Keep expectations low: Rashid Irani reviews Oscar-winner The Salesman | movie reviews | Hindustan Times
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Keep expectations low: Rashid Irani reviews Oscar-winner The Salesman

An Irani couple moves houses, the wife is assaulted, the husband seeks revenge. It’s a plot full of holes and low on excitement

movie reviews Updated: Mar 31, 2017 18:11 IST
Rashid Irani
Asghar Frahadi
For a purported revenge thriller, there is precious little tension in The Salesman. The tale quickly devolves into a mushy melodrama.

THE SALESMAN

Direction: Asghar Farhadi

Actors: Shahab Hosseni, Taraneh Alidoosti

Rating: 2 / 5

He may have snagged the Oscar for Best Foreign Language Film on two occasions (A Separation, 2011; and The Salesman, 2017) but overall, the work of Iranian writer-director Asghar Farhadi has been, dare one say it, consistently overrated.

The schematic plot of The Salesman attempts to puff up what is essentially a rather shop-worn premise. An actor couple (Taraneh Alidoosti – Shahab Hosseni) is forced to relocate to a rented flat following the imminent collapse of their apartment building.

Soon after they move into their new home, previously occupied by a call girl, the wife is assaulted by one of the former tenant’s clients.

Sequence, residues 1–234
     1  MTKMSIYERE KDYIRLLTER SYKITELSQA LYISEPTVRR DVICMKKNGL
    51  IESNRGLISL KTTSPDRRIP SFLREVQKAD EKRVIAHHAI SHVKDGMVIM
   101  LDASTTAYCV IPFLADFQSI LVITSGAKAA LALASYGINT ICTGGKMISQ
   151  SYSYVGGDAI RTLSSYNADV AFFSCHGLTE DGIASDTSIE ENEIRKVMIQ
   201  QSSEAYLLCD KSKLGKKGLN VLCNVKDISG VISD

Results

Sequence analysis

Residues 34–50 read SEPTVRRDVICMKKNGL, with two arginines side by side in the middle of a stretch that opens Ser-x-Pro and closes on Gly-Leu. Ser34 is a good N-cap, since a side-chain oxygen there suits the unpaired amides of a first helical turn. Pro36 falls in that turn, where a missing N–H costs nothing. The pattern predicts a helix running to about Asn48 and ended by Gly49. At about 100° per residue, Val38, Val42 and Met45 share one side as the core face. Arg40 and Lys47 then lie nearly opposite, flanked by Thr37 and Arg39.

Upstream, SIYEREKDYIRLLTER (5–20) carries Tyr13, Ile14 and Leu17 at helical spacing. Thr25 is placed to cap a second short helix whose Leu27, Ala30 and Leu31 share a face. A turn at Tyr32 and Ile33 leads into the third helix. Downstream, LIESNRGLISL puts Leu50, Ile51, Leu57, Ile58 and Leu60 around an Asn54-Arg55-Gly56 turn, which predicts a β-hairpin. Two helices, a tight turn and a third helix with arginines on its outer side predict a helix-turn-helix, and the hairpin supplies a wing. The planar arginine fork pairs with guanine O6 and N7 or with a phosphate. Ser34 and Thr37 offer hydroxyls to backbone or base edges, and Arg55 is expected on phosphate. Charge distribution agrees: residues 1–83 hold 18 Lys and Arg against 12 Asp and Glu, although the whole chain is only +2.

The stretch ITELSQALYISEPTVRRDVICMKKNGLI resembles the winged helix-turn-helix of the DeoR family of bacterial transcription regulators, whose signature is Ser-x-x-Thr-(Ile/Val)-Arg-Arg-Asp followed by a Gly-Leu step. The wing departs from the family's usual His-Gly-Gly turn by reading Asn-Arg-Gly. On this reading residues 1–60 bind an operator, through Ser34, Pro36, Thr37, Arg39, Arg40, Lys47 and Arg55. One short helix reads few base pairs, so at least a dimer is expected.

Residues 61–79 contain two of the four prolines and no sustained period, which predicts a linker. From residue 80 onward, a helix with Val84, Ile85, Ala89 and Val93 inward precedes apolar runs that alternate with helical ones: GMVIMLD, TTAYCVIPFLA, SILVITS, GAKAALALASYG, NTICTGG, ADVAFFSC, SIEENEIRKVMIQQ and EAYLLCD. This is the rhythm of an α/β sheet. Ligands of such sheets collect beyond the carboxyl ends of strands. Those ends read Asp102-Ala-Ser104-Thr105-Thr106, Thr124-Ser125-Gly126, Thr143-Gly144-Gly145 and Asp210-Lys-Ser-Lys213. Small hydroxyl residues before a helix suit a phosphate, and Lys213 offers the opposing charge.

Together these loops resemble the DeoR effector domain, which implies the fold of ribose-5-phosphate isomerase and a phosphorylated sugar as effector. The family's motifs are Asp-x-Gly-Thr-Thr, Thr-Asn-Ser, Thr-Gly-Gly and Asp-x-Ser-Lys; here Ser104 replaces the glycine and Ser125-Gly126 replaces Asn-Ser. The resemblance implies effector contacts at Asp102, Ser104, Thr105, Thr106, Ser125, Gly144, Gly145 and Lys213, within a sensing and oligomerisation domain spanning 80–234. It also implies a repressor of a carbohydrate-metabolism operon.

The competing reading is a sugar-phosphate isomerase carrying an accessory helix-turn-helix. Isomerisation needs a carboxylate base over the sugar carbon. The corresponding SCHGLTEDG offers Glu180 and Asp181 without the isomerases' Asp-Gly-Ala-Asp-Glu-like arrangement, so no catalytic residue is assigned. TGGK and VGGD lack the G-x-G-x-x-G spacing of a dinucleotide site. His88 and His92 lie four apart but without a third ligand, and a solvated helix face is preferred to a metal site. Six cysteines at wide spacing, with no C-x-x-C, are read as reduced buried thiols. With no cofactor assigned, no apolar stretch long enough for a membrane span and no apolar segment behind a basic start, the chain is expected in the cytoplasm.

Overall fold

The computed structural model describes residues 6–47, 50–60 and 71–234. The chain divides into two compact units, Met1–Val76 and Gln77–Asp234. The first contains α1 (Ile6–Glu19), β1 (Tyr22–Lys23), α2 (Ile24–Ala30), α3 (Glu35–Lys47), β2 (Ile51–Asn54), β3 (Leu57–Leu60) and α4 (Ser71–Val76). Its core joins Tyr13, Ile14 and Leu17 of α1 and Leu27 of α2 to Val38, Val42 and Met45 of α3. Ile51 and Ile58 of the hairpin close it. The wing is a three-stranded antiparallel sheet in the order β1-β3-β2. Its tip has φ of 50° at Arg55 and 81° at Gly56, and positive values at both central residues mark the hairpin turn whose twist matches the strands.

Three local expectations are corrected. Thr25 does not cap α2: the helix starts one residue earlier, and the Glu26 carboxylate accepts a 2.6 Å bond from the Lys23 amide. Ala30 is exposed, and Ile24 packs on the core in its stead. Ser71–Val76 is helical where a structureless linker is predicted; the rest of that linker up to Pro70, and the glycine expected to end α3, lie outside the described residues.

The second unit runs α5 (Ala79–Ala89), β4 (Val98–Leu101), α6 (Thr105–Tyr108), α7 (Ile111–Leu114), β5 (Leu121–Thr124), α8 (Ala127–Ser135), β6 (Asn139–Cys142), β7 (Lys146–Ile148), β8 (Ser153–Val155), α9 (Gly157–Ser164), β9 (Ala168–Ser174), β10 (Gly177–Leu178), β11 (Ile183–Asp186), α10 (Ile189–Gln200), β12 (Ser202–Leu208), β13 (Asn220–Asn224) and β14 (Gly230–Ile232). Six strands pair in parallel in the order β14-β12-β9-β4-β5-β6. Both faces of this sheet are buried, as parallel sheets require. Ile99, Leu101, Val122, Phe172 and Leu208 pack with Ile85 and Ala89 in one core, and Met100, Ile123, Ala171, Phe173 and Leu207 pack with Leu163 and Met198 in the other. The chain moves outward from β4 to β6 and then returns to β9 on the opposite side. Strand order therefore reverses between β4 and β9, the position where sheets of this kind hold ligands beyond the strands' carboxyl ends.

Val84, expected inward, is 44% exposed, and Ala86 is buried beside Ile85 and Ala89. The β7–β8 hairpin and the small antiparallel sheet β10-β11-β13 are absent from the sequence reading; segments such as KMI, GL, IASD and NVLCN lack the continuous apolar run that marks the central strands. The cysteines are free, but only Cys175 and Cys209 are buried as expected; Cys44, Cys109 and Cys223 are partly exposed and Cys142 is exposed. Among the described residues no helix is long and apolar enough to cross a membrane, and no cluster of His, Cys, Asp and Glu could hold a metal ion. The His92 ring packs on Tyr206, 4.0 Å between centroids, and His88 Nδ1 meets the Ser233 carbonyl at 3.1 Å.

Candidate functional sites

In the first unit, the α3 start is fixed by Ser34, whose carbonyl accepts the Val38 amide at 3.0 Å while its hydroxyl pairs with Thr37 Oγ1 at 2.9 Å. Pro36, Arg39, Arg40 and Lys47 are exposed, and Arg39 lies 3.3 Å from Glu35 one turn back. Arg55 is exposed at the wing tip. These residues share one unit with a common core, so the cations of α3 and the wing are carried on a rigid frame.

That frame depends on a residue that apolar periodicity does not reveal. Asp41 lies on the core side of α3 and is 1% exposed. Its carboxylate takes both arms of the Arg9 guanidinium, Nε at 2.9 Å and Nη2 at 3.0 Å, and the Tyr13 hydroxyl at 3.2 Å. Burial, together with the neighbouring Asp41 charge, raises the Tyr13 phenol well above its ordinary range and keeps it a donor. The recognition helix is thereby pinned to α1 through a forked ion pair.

The rest of the narrative focuses on the highly-strung husband as he sets out to find the attacker and bring him to justice. Quite conveniently, the assailant leaves behind his cellphone (now no longer operational), the keys to his minivan, and a wad of cash.

Farhadi’s love of theatre is evident in his stage-bound direction, which is chock-a-block with contrivances. For a purported revenge thriller, there is precious little tension. The tale quickly devolves into a mushy melodrama.

A staging of Arthur Miller’s acclaimed drama, ‘Death of a Salesman’, in which the protagonists participate, serves to foreshadow their fraught relationship with its ongoing trauma.

A staging of Arthur Miller’s acclaimed drama, ‘Death of a Salesman’, in which the protagonists participate, serves to foreshadow their fraught relationship with its ongoing trauma.

A little over two hours long, this manipulative morality tale misses its mark despite an intense performance by Hosseni who, incidentally, won Best Actor at last year’s Cannes film festival.

It’s worth noting that this is one of the rare instances of subtitled foreign language film being accorded regular commercial distribution.

On the other hand, just last week, Ken Loach’s vastly superior I, Daniel Blake was relegated to a mere three screenings at a single multiplex chain.

We’re moving in the right direction, it would seem, even if we are driving the wrong vehicles.

Watch the trailer for The Salesman here